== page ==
boc governor

BoC Governor Poloz and Deputy Governor Wilkins raid petty cash for donuts and coffee-Source Bank of Canada

Today’s Bank of Canada meeting and interest rate decision was highly anticipated, but only by the caterers supplying the donuts and coffee. Financial markets expectations were a tad lower and those expectations were met.  The BoC left the target for the overnight rate unchanged at 2% and issued a neutral statement.

However, this interest rate statement comes in at the lower boundary of neutral and borders on being doveish. That’s because the BoC expects that the Alberta wildfires, which led to the evacuation of Fort McMurray and the shutdown of area oil production, will cut “1 ¼ percentage points off of real GDP growth in the second quarter”.

That could be a problem for Canadian dollar bulls. In the April Monetary Policy Report, the Bank suggested that real GDP growth would moderate to just 1 percent, blaming a slowdown in household expenditures and exports.   That forecast is out the window.

The impact of the wildfires on real GDP in the second quarter points to a negative growth rate of 0.25 percent. And that number may be on the rosy side of the equation if the Canadian trade gap continues to widen and repeats the March performance. (Exports -4.8%)

Even as the Bank of Canada is idling in neutral and looking at reverse, the US Federal Reserve is popping the clutch and getting ready to shift gears.

Maybe fear the Fed

A gaggle of Fed speakers over the past few weeks appear to have taken umbrage at Wall Street’s apparent dismissal of their plans to raise interest rates at least twice in 2016, as evidenced by the current June rate hike odds of just 30%.

In fact, New York Fed President, William Dudley told CNN Money last Thursday “I was surprised that the market wasn’t taking more signals from what Fed speakers were actually saying”.  This week, St. Louis Fed President, James Bullard, reportedly said that a June rate hike was not set in stone, but the labour data was favourable.  Yahoo Finance wrote that on Monday, San Francisco Fed President, John Williams said the Fed is seriously weighing a June rate increase.


Federal Reserve Chair, Janet Yellen will weigh into this debate in a speech on Friday (11:30 PST). She is expected to add her voice to those warning that rate increase risks are rising.  If so, the prospect of a US rate hike would be another negative for Canadian dollar bulls.

Nevertheless, there is a major risk to the above scenario. What happens if Janet Yellen goes “off-script”? Thanks to the hawkish rhetoric leading up to her speech, any deviation from the message may unleash a storm of criticism about a “divided Fed”.  It has happened before and if that is the case, the post FOMC minutes US dollar rally will come to an abrupt end.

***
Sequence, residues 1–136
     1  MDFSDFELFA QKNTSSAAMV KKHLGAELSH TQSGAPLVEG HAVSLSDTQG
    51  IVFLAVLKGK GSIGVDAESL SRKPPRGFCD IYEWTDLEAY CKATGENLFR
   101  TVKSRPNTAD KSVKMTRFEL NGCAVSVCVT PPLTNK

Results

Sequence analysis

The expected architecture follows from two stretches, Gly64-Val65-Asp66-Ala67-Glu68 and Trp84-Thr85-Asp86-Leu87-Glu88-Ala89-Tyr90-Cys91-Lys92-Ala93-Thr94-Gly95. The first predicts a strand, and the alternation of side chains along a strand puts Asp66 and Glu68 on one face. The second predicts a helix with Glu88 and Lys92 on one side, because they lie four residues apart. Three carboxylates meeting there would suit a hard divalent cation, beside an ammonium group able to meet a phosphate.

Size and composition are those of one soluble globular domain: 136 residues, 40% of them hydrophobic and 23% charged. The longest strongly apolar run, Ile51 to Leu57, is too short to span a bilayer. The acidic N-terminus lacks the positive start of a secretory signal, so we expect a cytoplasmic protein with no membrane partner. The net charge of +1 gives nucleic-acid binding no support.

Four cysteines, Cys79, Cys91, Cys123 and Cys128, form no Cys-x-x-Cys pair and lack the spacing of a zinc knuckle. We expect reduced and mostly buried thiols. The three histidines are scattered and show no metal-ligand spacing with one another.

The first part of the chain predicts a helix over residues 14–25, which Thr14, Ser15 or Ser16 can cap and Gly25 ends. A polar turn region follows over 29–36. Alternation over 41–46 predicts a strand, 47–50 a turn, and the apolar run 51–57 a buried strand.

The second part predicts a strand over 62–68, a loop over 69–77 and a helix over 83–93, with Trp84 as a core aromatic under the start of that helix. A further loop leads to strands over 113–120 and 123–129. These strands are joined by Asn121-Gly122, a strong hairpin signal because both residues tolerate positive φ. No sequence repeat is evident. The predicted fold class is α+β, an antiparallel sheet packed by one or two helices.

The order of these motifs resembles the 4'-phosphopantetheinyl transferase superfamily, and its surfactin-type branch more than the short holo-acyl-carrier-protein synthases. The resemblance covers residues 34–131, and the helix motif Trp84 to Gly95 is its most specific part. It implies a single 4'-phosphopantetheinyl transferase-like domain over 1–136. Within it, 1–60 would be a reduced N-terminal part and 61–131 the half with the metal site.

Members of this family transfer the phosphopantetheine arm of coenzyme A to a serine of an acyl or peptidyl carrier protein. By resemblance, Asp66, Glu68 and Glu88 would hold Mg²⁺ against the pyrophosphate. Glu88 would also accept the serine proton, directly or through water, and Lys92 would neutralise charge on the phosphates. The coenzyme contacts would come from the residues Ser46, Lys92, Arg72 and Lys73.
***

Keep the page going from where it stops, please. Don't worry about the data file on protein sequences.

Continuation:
Janet Yellen may be saying “Read my Lips, people” during Friday’s speech. Source: Federal Reserve System
Janet Yellen may be saying “Read my Lips, people” during Friday’s speech. Source: Federal Reserve System


A Line in the Oil sands

It is not only the diverging interest rate outlooks that are impacting the Canadian dollar the strong rally in oil prices has had a major impact and WTI is coming to a turning point. WTI is flirting with major resistance in the $50.00-$51.00/barrel zone which if broken would lead to the $55.00-$57.00 area.  A failure points back to $45.00/b.

This week’s American Petroleum Institute (API) and the Department of Energy’s EIA Crude Stocks Change data reported draw-downs of 5.1 million barrels and 4.2 million barrels, respectively. For some, that news has hung a target on the $55.00-$57.00/barrel zone.

And that would be a mistake. One veteran oil analyst points out that inventory drawdowns are normal for this time of year. He also notes that inventory data lags rig count data and rig count data lags prices.  As oil prices hover around $50.00/barrel, US production declines abate.

It is also just one factor in the equation.  Another issue is Opec who are meeting on June 2.

The EIA believes that Iran close to regaining normal oil export volumes aided by supply disruptions from Nigeria and to a less extent, Canada.  Iran disagrees. Talk of production freezes has diminished with oil at $50.00/b and a freeze is unlikely to occur next week.

One of the main reasons is Saudi Arabia’s lack of interest.  The Deputy Crown Prince, Mohammed bin Salman has publicly stated that he intends to wean the


June 2 Opec meeting will have little impact on oil prices:  Source: Shutterstock
June 2 Opec meeting will have little impact on oil prices:  Source: Shutterstock


Kingdom off of oil and has embarked on what he calls “Saudi Vision 2030.

The oil rally has been fast and steep leaving lots of room for a correction while maintain the current uptrend.  At the moment, WTI oil is looking to extend gains into the $50.00/$51.00 resistance area. If that area holds it is not unreasonable to expect $$45.00-$51.00 consolidation for a few months.

The Bank of Canada is on hold.  The prospect of poor real GDP growth due to the wildfires, weak exports and the wait for fiscal stimulus results will keep them that way for the next few months.

The Fed is on the verge of a rate hike, either June or July, if you believe the recent Fed speakers.  Janet Yellen could confirm that speculation on Friday.

Oil prices quickly gave up their gains following Wednesday’s EIA report of a drawdown which suggests that the proximity to major resistance has led to positions being trimmed.

The outlook for higher US rates, a sidelined Bank of Canada and the prospect of oil price consolidation should limit Canadian dollar gains and drive USDCAD toward 1.3300 in the next few weeks.

By Michael O’Neil, Agility FX Analyst.